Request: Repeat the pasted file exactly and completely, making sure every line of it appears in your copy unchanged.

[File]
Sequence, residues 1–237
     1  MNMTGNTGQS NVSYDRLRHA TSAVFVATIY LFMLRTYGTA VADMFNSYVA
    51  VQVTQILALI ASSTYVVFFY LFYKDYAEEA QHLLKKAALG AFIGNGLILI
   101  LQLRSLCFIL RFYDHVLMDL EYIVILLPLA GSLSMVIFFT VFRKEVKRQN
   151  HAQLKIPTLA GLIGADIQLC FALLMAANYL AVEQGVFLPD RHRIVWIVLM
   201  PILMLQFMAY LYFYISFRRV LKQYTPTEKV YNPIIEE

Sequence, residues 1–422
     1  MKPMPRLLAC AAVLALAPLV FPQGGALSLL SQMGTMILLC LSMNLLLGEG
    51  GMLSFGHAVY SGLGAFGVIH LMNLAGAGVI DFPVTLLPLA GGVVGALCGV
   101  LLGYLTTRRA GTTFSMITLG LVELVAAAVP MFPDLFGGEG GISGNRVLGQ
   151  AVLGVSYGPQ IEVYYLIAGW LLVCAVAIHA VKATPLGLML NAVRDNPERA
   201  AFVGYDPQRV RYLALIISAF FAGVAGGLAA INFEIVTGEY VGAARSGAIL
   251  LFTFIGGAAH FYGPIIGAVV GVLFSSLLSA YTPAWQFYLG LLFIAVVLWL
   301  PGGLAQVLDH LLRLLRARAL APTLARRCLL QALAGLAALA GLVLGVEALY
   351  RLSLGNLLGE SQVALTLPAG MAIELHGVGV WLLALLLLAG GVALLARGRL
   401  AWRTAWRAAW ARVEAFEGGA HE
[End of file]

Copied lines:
Sequence, residues 1–237
     1  MNMTGNTGQS NVSYDRLRHA TSAVFVATIY LFMLRTYGTA VADMFNSYVA
    51  VQVTQILALI ASSTYVVFFY LFYKDYAEEA QHLLKKAALG AFIGNGLILI
   101  LQLRSLCFIL RFYDHVLMDL EYIVILLPLA GSLSMVIFFT VFRKEVKRQN
   151  HAQLKIPTLA GLIGADIQLC FALLMAANYL AVEQGVFLPD RHRIVWIVLM
   201  PILMLQFMAY LYFYISFRRV LKQYTPTEKV YNPIIEE

Sequence, residues 1–422
     1  MKPMPRLLAC AAVLALAPLV FPQGGALSLL SQMGTMILLC LSMNLLLGEG
    51  GMLSFGHAVY SGLGAFGVIH LMNLAGAGVI DFPVTLLPLA GGVVGALCGV
   101  LLGYLTTRRA GTTFSMITLG LVELVAAAVP MFPDLFGGEG GISGNRVLGQ
   151  AVLGVSYGPQ IEVYYLIAGW LLVCAVAIHA VKATPLGLML NAVRDNPERA
   201  AFVGYDPQRV RYLALIISAF FAGVAGGLAA INFEIVTGEY VGAARSGAIL
   251  LFTFIGGAAH FYGPIIGAVV GVLFSSLLSA YTPAWQFYLG LLFIAVVLWL
   301  PGGLAQVLDH LLRLLRARAL APTLARRCLL QALAGLAALA GLVLGVEALY
   351  RLSLGNLLGE SQVALTLPAG MAIELHGVGV WLLALLLLAG GVALLARGRL
   401  AWRTAWRAAW ARVEAFEGGA HE